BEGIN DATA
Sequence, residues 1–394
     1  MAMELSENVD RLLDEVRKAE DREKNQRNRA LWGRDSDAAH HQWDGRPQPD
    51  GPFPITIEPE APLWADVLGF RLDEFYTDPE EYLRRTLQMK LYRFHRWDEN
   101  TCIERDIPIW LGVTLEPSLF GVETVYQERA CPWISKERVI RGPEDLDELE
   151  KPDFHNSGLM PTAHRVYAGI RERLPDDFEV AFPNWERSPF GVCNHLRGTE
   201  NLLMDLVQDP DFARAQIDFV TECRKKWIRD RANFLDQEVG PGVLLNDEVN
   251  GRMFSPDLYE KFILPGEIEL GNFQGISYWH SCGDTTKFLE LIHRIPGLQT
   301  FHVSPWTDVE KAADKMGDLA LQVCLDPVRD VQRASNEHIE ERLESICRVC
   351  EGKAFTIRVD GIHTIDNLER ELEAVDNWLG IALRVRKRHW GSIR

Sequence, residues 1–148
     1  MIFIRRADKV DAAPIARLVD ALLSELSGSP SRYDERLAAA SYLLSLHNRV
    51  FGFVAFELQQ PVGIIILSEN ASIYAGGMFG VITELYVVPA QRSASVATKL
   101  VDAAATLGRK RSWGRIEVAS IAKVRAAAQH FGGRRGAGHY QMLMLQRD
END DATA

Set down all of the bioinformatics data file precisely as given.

Sequence, residues 1–394
     1  MAMELSENVD RLLDEVRKAE DREKNQRNRA LWGRDSDAAH HQWDGRPQPD
    51  GPFPITIEPE APLWADVLGF RLDEFYTDPE EYLRRTLQMK LYRFHRWDEN
   101  TCIERDIPIW LGVTLEPSLF GVETVYQERA CPWISKERVI RGPEDLDELE
   151  KPDFHNSGLM PTAHRVYAGI RERLPDDFEV AFPNWERSPF GVCNHLRGTE
   201  NLLMDLVQDP DFARAQIDFV TECRKKWIRD RANFLDQEVG PGVLLNDEVN
   251  GRMFSPDLYE KFILPGEIEL GNFQGISYWH SCGDTTKFLE LIHRIPGLQT
   301  FHVSPWTDVE KAADKMGDLA LQVCLDPVRD VQRASNEHIE ERLESICRVC
   351  EGKAFTIRVD GIHTIDNLER ELEAVDNWLG IALRVRKRHW GSIR

Sequence, residues 1–148
     1  MIFIRRADKV DAAPIARLVD ALLSELSGSP SRYDERLAAA SYLLSLHNRV
    51  FGFVAFELQQ PVGIIILSEN ASIYAGGMFG VITELYVVPA QRSASVATKL
   101  VDAAATLGRK RSWGRIEVAS IAKVRAAAQH FGGRRGAGHY QMLMLQRD